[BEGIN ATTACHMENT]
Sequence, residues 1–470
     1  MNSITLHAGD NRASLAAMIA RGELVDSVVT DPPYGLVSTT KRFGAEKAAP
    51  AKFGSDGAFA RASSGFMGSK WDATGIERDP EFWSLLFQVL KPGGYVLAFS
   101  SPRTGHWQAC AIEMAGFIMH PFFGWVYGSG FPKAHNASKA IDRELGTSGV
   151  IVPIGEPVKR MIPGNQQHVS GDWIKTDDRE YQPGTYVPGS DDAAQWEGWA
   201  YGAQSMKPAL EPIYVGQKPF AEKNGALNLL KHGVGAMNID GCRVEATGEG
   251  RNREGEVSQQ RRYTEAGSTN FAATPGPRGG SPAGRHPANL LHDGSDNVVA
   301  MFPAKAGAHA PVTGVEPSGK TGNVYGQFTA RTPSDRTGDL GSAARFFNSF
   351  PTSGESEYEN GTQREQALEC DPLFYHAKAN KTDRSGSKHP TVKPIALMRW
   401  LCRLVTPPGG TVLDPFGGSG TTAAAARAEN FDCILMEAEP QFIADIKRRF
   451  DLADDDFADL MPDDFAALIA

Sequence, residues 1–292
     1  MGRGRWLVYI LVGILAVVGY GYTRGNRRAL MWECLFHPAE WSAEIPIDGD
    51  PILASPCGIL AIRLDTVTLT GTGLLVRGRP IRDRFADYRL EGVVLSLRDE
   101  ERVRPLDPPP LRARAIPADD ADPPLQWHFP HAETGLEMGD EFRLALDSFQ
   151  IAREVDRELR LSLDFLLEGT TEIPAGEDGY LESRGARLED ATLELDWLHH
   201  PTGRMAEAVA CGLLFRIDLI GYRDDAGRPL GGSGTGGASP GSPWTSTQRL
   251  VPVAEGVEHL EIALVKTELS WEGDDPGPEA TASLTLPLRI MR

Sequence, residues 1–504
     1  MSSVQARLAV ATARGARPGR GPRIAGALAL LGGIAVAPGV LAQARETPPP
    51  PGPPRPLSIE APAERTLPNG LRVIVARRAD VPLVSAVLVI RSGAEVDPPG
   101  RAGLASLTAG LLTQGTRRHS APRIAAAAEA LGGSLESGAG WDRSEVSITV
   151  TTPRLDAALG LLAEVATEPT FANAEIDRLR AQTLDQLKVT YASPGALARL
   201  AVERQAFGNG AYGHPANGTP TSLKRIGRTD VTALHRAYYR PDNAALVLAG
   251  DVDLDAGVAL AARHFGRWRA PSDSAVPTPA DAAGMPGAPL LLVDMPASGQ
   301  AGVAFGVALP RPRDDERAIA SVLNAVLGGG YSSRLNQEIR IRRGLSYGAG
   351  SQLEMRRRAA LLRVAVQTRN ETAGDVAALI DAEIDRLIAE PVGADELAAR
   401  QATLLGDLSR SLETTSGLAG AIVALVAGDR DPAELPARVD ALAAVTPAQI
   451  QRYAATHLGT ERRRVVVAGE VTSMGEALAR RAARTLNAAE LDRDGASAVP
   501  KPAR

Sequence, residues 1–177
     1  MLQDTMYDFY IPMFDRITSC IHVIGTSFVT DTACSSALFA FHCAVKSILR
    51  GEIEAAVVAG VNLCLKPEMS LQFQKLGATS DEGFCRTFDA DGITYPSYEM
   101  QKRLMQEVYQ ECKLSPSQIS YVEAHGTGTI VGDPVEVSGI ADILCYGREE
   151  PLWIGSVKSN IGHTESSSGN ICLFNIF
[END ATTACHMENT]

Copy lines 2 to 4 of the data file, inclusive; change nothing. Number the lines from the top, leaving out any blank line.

     1  MNSITLHAGD NRASLAAMIA RGELVDSVVT DPPYGLVSTT KRFGAEKAAP
    51  AKFGSDGAFA RASSGFMGSK WDATGIERDP EFWSLLFQVL KPGGYVLAFS
   101  SPRTGHWQAC AIEMAGFIMH PFFGWVYGSG FPKAHNASKA IDRELGTSGV